Thursday, March 09, 2017

Scott Adams sees through 15 of 20 main alarmists' tricks, still calls himself a believer

Eclectikus told us that Dilbert's creator Scott Adams – who has correctly predicted Trump's triumph and described a psychological theory behind Trump's victory – has written a wonderful guide telling the climate alarmist propagandists
How to Convince Skeptics that Climate Change is a Problem.
It's basically a detailed list of 14-15 features in the alarmists' talk – or their interactions with the skeptics – that obviously look fishy to a rational person such as himself. Nevertheless, at the top, he still introduces himself as a believer in the claims of the currently (and for a few more months?) dominant (i.e. alarmist) climate scientists. Some alarmists have reacted angrily. Some of them claimed that Adams doesn't actually believe the alarmists and he doesn't actually want to help them.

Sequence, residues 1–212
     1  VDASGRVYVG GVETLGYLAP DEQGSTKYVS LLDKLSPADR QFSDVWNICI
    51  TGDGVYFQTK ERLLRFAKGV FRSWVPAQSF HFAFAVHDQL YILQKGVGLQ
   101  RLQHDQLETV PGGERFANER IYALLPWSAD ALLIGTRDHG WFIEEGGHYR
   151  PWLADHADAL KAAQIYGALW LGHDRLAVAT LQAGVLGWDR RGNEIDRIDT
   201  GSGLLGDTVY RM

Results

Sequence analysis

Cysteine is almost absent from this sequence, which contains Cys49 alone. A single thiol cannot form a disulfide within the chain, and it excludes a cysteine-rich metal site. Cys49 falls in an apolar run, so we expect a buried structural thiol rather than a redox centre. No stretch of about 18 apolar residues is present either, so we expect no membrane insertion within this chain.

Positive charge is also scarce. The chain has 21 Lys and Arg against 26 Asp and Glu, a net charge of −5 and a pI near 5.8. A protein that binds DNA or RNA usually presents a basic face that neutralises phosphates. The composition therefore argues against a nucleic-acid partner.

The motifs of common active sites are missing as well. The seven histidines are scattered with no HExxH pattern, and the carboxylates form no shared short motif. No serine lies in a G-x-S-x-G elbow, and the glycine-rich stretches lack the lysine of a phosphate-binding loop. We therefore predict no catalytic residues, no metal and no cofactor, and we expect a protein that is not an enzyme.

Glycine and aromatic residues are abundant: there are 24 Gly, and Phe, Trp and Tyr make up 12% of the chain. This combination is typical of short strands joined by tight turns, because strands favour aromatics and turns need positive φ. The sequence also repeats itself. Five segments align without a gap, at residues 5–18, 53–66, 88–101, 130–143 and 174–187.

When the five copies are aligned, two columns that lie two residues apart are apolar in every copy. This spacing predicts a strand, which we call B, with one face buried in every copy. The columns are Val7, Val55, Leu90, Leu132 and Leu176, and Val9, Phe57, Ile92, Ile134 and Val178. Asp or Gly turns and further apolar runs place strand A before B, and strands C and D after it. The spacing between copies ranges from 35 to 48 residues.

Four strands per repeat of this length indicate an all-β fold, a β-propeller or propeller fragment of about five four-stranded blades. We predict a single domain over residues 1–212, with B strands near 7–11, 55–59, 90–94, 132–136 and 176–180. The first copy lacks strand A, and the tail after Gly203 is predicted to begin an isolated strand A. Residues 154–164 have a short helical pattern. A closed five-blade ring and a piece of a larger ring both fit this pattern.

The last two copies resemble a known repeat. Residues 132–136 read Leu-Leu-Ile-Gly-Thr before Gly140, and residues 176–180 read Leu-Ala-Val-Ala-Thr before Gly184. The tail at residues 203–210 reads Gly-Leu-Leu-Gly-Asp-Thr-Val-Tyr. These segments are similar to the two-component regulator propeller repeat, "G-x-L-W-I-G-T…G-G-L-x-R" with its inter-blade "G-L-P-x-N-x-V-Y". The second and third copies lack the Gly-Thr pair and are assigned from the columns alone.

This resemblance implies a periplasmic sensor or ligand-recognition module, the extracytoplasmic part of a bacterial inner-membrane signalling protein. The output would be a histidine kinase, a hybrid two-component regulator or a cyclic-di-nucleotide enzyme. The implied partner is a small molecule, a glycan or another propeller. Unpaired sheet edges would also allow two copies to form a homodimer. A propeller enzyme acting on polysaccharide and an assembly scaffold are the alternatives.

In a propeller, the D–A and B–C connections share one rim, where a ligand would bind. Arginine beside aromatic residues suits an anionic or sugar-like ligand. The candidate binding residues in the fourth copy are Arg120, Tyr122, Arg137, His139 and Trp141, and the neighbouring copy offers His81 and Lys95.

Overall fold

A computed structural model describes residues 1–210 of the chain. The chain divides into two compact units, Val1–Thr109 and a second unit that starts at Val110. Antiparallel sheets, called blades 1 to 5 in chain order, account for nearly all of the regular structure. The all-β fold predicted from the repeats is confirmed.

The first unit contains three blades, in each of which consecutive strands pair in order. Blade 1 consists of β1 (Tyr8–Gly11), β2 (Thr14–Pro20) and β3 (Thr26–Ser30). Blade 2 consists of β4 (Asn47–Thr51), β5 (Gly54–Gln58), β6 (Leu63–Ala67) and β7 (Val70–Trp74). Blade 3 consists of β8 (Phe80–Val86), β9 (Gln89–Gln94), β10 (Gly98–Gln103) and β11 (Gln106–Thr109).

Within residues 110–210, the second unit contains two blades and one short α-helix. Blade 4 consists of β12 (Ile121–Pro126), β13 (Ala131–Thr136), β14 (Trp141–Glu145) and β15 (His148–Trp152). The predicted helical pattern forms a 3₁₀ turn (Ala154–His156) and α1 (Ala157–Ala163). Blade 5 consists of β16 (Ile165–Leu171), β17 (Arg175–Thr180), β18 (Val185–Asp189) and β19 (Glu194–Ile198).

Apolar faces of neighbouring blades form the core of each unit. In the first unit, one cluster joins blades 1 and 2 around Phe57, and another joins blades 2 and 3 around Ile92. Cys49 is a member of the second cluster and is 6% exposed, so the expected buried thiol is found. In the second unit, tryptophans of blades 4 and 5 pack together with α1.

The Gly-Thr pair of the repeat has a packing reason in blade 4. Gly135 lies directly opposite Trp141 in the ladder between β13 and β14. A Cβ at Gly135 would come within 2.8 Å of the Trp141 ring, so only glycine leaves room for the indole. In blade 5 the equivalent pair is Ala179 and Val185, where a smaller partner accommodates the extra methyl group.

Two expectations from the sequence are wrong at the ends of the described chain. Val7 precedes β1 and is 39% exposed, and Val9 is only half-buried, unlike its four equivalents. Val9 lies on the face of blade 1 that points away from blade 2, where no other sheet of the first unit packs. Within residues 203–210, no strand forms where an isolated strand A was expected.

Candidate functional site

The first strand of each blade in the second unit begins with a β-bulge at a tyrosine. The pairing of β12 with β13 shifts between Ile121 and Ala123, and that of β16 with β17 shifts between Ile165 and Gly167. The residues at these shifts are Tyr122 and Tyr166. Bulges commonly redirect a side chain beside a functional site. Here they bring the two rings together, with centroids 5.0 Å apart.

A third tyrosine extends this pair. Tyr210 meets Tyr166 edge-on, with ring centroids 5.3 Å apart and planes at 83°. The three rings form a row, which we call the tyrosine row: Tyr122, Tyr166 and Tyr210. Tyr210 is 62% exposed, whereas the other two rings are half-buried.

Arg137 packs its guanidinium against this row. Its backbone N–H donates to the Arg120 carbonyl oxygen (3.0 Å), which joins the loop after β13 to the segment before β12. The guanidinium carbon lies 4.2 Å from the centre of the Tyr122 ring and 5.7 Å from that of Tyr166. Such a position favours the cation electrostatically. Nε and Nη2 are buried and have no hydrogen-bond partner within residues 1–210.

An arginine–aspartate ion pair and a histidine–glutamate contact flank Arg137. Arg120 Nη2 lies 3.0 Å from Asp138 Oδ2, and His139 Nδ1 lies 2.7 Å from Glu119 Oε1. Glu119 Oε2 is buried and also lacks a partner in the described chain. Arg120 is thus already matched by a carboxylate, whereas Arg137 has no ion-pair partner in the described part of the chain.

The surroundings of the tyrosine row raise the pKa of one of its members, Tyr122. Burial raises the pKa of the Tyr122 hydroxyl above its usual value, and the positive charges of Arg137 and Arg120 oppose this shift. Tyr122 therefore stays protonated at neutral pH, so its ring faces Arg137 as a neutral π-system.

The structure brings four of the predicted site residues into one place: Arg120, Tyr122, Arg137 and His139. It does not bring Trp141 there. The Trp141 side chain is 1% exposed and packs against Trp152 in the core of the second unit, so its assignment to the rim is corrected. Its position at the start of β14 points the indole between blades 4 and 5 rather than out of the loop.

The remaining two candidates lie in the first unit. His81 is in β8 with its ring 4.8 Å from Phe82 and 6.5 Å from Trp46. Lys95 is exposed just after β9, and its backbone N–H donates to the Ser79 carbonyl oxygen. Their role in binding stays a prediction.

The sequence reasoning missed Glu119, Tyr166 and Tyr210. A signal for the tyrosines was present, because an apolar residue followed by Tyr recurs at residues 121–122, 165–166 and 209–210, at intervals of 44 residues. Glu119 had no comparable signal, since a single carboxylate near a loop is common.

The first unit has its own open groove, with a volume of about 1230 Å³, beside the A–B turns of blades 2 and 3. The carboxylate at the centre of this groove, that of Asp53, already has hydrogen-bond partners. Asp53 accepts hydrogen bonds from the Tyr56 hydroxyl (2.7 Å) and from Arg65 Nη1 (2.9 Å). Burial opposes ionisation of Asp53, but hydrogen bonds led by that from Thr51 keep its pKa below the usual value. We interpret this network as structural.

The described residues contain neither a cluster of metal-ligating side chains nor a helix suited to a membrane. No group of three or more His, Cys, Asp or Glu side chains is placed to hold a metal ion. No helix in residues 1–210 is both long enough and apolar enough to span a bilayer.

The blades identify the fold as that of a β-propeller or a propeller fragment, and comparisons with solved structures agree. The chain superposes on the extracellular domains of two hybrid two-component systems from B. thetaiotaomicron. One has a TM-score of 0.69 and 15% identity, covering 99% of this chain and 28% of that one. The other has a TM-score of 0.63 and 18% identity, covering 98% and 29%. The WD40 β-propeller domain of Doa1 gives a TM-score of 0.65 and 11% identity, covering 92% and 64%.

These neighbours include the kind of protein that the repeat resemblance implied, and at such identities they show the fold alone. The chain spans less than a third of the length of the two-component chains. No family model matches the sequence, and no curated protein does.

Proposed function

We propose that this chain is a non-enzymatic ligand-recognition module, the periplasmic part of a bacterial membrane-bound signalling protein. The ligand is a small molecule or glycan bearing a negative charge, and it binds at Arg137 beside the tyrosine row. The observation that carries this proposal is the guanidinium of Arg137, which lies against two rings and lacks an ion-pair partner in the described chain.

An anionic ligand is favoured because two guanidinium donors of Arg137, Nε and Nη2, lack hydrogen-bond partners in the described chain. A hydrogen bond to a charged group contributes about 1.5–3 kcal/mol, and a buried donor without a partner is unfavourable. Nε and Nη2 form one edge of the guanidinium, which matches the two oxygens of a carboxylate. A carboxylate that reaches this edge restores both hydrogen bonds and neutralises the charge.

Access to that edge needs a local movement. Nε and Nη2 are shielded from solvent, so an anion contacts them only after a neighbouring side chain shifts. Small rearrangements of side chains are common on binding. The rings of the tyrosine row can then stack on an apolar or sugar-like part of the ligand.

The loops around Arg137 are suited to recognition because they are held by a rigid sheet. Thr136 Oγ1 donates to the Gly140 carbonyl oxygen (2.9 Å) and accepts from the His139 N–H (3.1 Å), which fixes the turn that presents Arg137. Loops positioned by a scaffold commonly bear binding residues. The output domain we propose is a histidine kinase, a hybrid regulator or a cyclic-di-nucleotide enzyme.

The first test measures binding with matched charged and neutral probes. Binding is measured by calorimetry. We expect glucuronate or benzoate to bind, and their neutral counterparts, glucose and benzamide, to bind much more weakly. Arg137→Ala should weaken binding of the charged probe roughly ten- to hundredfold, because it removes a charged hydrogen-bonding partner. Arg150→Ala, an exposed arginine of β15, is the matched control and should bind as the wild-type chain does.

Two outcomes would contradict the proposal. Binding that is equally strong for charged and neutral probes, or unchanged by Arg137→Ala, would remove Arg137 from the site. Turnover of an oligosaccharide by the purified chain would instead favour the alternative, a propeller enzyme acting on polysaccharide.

I tend to agree with this "insight into Adams' skull". It seems hard to imagine that someone would understand these "15 things that are fishy about the alarmists' claims" so clearly and he would still take the alarmists' statements seriously. In fact, I think that Adams' isolation of the problems, clarity of his understanding of these problems, and the comprehensiveness of his list places him above most of the "amateur climate skeptics" whom I have met. If he understands some of the skeptics' arguments more clearly than most of the skeptics, is it plausible that he ends up as an alarmist?

It's plausible. I just find it very unlikely. It seems much more likely to me that he is just playfully rewriting his identity, much like when John Cook was signing 3% of the comments on his server as Luboš Motl. ;-)